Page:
Saturday, May 29, 2010

What we wear matters - a response to Robin Givhan

I promised you that we would discuss Robin Givhan's controversial review of Elena Kagan's style. And so we shall. I'm sure by now you've read it, and read numerous responses, reviews and rehashes of it. If you haven't, maybe start with Fishbowl DC

In a way, it's the reaction that surprises me - this article is precisely what we would expect from Robin Givhan right now. It's what she was hired to do. She wrote a practically identical article about Sonia Sotomayor during her hearings. And although she makes comparison to the "utterly ordinary" style of Samuel Alito and the other male justices in the Kagan piece, there was no article about his fashion choices or body language. She wrote a similarly analytical (although significantly more flattering) essay on Nancy Pelosi when she became Speaker. These are prominent women in Washington and intense scrutiny is the name of the game.

I don't necessarily agree with Givhan - I don't think Kagan's style on the Hill was deliberately drab, nor do I think her appearance is the sole reason for persistent innuendo about her sexual orientation. And Givhan's suggestion that there would be "nothing profoundly inappropriate" about wearing platform stilettos in the halls of Congress other than the fact that it would fly in the face of expectations for a political figure is patently absurd. As if perception didn't matter in politics. Givhan has always had a profound disdain for what Washington considers appropriate to wear in any given situation, on no particular authority other than that she is a fashionista and not a Washingtonian.

But it's tough to blame a fashion critic for being, well, critical about fashion choices, even when she's wrong. ["Bland equals responsible. Matronly equals trustworthy." Please.] I do think Kagan could have made better choices for herself in some areas. Her jackets were too boxy for someone so famously short. Her jewelry, as I've said before, is in serious need of an update. And if you're wearing a skirt, you do need to keep your knees together. It's not like she was at risk of a Britney Spears-style flash, but any recruiter would tell you that body language matters in a job interview. Like it or not, if her look is drawing this much negative attention, there's a problem. And that is where Givhan and I sort of agree. In writing about Nancy Pelosi in 2006, she said this:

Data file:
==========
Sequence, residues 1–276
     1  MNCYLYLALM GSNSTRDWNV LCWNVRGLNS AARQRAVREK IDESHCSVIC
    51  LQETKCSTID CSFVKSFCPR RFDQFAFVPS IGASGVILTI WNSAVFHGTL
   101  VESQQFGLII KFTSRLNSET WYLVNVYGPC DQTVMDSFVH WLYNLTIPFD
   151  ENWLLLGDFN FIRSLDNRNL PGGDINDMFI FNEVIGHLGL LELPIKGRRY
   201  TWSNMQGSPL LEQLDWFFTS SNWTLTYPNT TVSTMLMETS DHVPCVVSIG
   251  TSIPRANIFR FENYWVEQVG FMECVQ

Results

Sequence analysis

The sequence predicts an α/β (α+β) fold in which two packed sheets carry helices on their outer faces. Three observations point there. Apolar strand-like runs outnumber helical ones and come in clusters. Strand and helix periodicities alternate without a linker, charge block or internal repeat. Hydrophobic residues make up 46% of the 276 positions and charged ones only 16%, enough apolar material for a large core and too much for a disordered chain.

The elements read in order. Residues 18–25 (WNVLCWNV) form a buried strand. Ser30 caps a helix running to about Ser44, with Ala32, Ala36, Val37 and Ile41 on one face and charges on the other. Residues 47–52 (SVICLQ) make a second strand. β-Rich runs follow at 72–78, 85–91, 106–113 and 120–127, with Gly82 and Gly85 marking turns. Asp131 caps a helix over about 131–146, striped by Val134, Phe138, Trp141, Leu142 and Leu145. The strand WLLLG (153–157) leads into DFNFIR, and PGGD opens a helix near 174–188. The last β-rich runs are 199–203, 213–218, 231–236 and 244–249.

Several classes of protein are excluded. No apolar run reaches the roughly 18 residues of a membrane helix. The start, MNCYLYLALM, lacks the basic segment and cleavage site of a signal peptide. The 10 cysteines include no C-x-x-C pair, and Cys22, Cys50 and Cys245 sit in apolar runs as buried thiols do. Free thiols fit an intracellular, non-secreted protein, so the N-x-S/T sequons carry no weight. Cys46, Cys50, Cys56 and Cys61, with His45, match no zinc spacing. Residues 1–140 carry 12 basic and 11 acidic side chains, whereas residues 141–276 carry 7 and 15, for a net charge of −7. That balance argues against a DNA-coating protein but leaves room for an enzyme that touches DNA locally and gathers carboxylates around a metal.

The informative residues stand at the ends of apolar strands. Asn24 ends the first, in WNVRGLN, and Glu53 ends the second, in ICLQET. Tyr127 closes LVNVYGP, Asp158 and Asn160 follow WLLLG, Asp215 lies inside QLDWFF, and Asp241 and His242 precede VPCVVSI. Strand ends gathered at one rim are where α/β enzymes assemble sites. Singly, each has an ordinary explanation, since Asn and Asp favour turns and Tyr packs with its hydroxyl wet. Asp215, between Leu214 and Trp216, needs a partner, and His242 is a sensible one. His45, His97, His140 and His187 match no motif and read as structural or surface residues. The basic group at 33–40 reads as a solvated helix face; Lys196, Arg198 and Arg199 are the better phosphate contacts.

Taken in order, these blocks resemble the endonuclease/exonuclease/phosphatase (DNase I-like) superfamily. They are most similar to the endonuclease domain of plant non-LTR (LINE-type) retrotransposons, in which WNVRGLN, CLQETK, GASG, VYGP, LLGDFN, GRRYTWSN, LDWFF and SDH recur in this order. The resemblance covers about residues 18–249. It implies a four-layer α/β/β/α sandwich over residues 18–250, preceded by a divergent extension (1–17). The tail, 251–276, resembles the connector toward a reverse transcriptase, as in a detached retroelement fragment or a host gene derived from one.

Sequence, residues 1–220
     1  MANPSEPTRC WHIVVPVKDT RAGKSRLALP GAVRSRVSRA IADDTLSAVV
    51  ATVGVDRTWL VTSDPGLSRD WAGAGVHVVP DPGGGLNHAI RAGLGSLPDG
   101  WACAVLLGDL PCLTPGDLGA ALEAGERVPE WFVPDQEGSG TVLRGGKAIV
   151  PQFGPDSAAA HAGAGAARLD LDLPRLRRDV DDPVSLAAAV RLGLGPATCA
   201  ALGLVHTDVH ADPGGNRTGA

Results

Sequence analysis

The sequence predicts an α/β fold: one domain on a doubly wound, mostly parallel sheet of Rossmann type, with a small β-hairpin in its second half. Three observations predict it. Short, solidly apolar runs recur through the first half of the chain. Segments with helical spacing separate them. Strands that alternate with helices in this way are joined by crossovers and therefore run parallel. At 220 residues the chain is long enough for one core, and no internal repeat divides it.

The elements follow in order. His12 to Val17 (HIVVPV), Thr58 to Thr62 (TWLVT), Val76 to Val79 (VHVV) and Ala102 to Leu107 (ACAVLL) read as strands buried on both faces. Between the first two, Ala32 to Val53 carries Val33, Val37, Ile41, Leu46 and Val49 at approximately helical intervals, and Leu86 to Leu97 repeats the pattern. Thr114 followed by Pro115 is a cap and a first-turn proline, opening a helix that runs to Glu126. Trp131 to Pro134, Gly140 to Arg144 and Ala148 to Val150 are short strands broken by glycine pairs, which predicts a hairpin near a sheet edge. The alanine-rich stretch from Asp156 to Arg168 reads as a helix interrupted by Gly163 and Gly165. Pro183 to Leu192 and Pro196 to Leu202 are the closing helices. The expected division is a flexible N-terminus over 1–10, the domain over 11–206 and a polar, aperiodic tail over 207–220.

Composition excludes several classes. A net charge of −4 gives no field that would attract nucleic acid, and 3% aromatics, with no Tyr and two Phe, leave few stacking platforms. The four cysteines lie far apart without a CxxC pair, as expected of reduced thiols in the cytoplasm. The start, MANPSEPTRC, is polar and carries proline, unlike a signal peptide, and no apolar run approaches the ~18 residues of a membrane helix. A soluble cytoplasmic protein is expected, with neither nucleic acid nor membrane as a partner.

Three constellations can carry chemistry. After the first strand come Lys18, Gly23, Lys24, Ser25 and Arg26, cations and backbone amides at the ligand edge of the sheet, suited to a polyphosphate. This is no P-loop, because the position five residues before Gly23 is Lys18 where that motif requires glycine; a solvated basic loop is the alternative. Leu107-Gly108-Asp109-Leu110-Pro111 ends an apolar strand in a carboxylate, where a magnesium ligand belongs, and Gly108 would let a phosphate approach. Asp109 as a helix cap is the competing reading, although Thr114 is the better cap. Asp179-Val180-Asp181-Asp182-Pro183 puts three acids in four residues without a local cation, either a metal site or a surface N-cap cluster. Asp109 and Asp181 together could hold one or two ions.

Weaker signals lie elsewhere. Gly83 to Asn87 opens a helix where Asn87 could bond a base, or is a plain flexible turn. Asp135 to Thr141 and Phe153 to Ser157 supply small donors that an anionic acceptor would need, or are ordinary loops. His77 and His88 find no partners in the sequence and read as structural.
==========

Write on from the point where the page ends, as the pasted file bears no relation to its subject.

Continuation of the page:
Attire is not the sole province of women, but in comparison with men, it remains an area in which they have the greater number of choices, more flexibility, the heavier burden. The public has already settled on the defining characteristics of a powerful man: He wears a dark suit that is well tailored. He pairs it with a crisp white shirt, and if he wishes to underscore his authority, he wears French cuffs. He wears a four-in-hand -- a bow tie if he wants to emphasize his eccentricity. He tries to look dignified and serious. But what does a woman of great power look like?
It's a valid question, and one that still hasn't been figured out. Pelosi has found one way, Condoleezza Rice found another - a way that Givhan clearly prefers, as she seems to spend so many column inches wistfully suggesting a return to that chic sexuality. With an Obama cabinet and administration full of so many prominent women - Hillary Clinton, Janet Napolitano, Kathleen Sebelius, if you've been reading carefully, you don't really need another list - we can see that there might be as many ways of dressing a powerful woman as there are powerful women.

People ask me all the time why I write this blog. Am I trying to be funny? Am I trying to be snarky? Do I want Robin Givhan's job? No, none of those. What we wear matters. What we look like communicates a message to our viewer, and women in politics don't need one more reason not to be heard. Bad clothes and sometimes "good" clothes can draw attention that distracts from our words simply because we are women. Making good choices about what we wear will help us get our point across. At least we are getting to a point where people are not just noticing but expressing outrage at the blatant sexism that makes a woman's wardrobe newsworthy in a way that a man's is not.

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